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Teaching Worship in Multi-site Churches

Whether you call them multi-site or satellites, more churches are launching new campuses. Going multi-site increases needs and opportunities for lay leadership, which spurs more evangelism. Intentionally studying worship helps multi-site congregations maintain unity in diversity.

Perhaps you’ve noticed how many churches are meeting for worship in multiple sites on the same property or in scattered satellite sites. The idea is that launching a new campus—rather than planting a new church—lets congregations make better use of resources as they spread the gospel.

Multi-site church momentum creates a constant need for new lay leaders gifted in evangelism, discipleship, or worship arts. But as congregations attract people unlike the founders or adapt worship to specific campuses, unity-within-diversity questions always surface.

The challenge within Chicago Church of Christ has been to honor tradition without disrespecting gifts that new members bring. The challenge within Vintage21 Church in North Carolina has been to contextualize local worship without ignoring what wise Christians have already discovered. Both congregations say that intentionally studying the purpose and processes of worship enriched their life together. Here’s how what they learned led to worship renewal.

Bridging cultural differences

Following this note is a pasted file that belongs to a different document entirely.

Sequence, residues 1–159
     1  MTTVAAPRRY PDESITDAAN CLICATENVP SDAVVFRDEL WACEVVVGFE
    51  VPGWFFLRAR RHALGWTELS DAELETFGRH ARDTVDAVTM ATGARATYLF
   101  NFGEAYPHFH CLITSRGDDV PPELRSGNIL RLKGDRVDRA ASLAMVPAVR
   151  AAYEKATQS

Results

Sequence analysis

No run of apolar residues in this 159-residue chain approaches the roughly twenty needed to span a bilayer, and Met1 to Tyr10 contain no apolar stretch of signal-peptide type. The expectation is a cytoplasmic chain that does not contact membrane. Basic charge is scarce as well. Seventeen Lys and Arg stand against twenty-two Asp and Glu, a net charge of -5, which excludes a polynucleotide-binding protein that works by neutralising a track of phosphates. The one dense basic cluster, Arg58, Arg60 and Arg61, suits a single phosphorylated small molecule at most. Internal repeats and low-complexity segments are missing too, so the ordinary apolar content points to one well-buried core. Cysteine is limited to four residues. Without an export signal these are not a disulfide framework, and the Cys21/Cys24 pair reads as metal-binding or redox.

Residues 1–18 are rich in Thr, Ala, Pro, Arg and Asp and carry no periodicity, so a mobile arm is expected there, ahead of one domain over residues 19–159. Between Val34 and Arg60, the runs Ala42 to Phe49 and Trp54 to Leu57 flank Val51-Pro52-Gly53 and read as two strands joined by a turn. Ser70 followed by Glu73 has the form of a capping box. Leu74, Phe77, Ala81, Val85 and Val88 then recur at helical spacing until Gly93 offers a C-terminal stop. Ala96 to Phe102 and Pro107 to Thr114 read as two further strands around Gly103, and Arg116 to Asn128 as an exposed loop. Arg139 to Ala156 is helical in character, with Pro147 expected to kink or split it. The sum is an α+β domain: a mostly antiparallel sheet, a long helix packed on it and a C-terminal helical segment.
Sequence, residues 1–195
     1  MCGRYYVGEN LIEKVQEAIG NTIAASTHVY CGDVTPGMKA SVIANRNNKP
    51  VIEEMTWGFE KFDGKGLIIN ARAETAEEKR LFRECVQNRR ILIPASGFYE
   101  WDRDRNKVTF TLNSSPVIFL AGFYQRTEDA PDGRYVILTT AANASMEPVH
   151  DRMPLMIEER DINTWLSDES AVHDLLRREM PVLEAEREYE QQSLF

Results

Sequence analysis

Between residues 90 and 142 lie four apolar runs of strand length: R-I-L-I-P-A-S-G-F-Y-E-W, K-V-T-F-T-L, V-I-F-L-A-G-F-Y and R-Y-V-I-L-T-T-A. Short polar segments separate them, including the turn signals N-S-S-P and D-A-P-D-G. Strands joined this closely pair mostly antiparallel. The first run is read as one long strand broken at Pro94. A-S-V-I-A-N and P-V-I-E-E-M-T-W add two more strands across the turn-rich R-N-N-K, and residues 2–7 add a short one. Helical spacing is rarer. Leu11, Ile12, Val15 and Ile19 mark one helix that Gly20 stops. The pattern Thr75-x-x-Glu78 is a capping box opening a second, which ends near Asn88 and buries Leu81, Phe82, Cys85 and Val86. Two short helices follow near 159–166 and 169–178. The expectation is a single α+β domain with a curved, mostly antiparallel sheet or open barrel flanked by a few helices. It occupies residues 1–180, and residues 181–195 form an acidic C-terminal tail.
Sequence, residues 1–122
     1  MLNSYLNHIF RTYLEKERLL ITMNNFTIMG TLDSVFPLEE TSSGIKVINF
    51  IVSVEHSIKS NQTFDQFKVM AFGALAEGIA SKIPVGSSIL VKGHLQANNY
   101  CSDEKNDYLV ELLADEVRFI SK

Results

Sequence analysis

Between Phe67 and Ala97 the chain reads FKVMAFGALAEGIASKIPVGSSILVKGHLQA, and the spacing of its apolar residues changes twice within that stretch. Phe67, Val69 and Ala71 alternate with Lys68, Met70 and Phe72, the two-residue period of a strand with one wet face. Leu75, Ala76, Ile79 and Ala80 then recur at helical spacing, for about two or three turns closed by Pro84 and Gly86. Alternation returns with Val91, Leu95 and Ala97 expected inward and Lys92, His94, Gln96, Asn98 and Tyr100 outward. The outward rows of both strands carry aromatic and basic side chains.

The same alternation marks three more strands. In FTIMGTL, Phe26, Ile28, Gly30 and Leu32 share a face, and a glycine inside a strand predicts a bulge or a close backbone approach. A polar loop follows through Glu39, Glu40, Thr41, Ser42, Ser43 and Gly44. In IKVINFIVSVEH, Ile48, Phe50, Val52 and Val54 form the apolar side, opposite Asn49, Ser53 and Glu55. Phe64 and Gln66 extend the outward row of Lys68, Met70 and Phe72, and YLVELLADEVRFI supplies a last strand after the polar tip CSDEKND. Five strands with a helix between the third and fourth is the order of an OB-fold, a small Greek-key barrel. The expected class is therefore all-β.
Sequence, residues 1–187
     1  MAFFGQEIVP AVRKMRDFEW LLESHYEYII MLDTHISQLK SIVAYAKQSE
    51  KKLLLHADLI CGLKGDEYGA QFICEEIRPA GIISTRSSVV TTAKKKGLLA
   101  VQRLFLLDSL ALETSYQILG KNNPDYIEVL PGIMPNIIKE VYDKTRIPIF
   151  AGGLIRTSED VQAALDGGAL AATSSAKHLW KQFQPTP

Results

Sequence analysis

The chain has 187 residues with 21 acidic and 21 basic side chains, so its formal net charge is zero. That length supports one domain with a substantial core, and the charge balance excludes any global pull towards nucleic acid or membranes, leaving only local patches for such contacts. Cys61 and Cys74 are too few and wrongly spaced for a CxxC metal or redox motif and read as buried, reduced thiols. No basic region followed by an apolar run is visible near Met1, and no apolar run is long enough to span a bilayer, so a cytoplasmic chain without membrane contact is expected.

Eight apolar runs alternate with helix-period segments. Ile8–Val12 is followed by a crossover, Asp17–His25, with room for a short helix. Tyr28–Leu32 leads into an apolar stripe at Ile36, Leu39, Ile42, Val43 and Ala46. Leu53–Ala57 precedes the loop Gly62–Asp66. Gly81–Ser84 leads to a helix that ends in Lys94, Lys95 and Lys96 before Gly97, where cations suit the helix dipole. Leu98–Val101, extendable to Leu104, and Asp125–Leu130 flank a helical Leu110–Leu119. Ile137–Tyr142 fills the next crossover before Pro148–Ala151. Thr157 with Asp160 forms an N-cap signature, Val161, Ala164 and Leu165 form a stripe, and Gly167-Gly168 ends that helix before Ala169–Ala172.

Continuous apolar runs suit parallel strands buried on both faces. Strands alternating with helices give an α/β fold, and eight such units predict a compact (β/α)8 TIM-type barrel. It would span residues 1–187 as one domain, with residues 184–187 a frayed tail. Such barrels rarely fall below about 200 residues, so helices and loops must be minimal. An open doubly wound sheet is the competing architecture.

The people who began the Chicago Church of Christ have roots in a 300-year history of singing only a cappella hymns in worship. Their four-part harmony, weekly communion, prayer partners, and small groups built deep friendships and a strong sense of family. Meanwhile, their eagerness to make disciples inspired them to invite friends from all over.

“As mature leadership teams developed, we split up our Sunday meetings so visitors wouldn’t have to drive so far,” says Dave Eastman, a minister and congregational worship leader. People from 40 countries and all ages now worship in rented space in seven ministry centers throughout metro Chicago.

Becoming diverse forced the congregation to name the gap between “the racial, cultural, or generational differences that at one time defined us and the blood that unites us,” he says.

Long-time members worried that adding instruments, new music, or other worship arts would change worshipers from participants to spectators. “Our goal is to help every worshiper enjoy God’s presence as a springboard to a week of continual worship and service. But what helps me connect with God might not help my African-American brother or my 70-year-old sister,” Eastman says.

Leaders from each Chicago Church of Christ ministry center studied worship together for a year. They shared their learning through sermons and teaching at local centers and congregation-wide Sunday evening concerts. “We designed the concerts to help people learn new songs and experiment with dance, spoken word, rap, and other expressions new to us. This helped us understand each other better and reach a more profound ethnic and generational unity in worship,” he says.

Ministry centers now blend a cappella, traditional, gospel, and contemporary music and make room for each person’s talents to be seen, heard, felt, and expressed in worship. Eastman says they share common worship convictions but are free to combine worship elements however seems most effective in their groups. “We want to engage all our senses through media, music, drama, dance, meditation, and the visual arts as we seek new levels of connection with the Almighty,” he adds.